Keep an eye on your local grocery stores, libraries, retailers, community organizations and churches to find out how you can donate and what specific items they need. Homeless centers may also accept donations of school supplies for their residents who are students.
Your child’s class or school
If you have school-aged children or grandchildren, you may want to donate directly to their class or school. If you choose to do so, contact your child’s teacher for information on the supplies they need most.
Adoptaclassroom.org is a fundraising platform that teachers can use to raise money for much-needed school supplies. You can choose to donate money to a school, a teacher, or one of their Spotlight Funds. These funds provide grants for specific purposes, such as art or STEM (science, technology, engineering, and math).
Compudopt is an organization that collects, refurbishes and distributes gently used computers, monitors, keyboards and other equipment to children with limited financial resources. The association also accepts cash donations. A donation of $275 can provide a computer for a child. This organization serves communities in several states. If it doesn’t serve your area, you can check to see if you have a similar local organization to contact.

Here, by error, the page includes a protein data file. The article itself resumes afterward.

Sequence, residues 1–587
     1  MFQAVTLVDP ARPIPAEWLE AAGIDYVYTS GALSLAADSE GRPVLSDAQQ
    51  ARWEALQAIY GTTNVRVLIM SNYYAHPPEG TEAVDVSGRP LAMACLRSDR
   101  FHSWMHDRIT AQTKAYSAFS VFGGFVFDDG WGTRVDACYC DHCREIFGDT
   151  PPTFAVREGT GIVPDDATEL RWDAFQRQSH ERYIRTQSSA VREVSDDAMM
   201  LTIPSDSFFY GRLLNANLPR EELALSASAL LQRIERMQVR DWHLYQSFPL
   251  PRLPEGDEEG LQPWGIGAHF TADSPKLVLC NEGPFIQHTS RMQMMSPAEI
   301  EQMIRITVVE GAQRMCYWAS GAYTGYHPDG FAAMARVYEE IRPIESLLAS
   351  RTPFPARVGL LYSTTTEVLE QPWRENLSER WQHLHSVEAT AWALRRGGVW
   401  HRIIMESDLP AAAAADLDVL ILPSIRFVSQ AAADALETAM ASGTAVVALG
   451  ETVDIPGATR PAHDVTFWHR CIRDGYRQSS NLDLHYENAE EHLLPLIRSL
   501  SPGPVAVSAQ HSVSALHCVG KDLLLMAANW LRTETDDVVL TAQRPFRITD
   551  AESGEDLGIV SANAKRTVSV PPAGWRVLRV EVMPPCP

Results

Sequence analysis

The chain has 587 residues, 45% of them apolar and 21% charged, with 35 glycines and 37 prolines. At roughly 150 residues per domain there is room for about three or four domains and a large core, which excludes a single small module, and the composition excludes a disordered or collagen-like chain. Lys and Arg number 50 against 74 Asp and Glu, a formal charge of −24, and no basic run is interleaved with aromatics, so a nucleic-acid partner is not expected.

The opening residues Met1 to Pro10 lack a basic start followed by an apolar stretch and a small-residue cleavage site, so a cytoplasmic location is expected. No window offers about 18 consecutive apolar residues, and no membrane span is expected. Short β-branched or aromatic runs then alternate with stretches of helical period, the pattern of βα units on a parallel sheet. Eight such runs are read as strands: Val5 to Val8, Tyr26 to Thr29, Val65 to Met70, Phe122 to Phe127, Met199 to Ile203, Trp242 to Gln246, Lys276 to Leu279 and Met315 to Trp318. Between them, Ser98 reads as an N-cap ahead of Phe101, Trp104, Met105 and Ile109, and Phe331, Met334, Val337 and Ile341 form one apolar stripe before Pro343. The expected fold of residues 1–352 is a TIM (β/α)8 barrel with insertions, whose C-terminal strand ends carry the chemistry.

Computers with causes
Computers with Causes is an organization that provides free refurbished computers to low-income families and foster children. This organization does not limit its work to students. It also provides computers to disabled veterans, seniors, and nonprofits.
Children in Need Foundation